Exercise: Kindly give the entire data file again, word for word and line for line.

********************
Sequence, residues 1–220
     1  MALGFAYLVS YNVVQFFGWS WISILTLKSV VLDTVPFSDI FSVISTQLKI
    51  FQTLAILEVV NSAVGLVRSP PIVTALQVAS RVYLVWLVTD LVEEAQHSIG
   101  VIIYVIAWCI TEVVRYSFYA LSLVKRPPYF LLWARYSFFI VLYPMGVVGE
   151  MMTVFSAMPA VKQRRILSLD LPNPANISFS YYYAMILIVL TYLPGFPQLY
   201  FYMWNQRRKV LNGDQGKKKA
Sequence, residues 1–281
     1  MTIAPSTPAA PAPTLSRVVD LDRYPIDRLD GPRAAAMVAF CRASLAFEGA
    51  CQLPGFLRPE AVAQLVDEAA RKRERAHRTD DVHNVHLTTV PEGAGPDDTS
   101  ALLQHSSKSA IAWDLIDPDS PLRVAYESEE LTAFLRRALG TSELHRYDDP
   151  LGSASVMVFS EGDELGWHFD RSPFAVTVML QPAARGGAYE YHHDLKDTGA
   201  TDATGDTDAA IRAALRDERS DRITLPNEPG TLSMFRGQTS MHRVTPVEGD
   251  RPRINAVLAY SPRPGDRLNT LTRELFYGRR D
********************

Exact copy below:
Sequence, residues 1–220
     1  MALGFAYLVS YNVVQFFGWS WISILTLKSV VLDTVPFSDI FSVISTQLKI
    51  FQTLAILEVV NSAVGLVRSP PIVTALQVAS RVYLVWLVTD LVEEAQHSIG
   101  VIIYVIAWCI TEVVRYSFYA LSLVKRPPYF LLWARYSFFI VLYPMGVVGE
   151  MMTVFSAMPA VKQRRILSLD LPNPANISFS YYYAMILIVL TYLPGFPQLY
   201  FYMWNQRRKV LNGDQGKKKA
Sequence, residues 1–281
     1  MTIAPSTPAA PAPTLSRVVD LDRYPIDRLD GPRAAAMVAF CRASLAFEGA
    51  CQLPGFLRPE AVAQLVDEAA RKRERAHRTD DVHNVHLTTV PEGAGPDDTS
   101  ALLQHSSKSA IAWDLIDPDS PLRVAYESEE LTAFLRRALG TSELHRYDDP
   151  LGSASVMVFS EGDELGWHFD RSPFAVTVML QPAARGGAYE YHHDLKDTGA
   201  TDATGDTDAA IRAALRDERS DRITLPNEPG TLSMFRGQTS MHRVTPVEGD
   251  RPRINAVLAY SPRPGDRLNT LTRELFYGRR D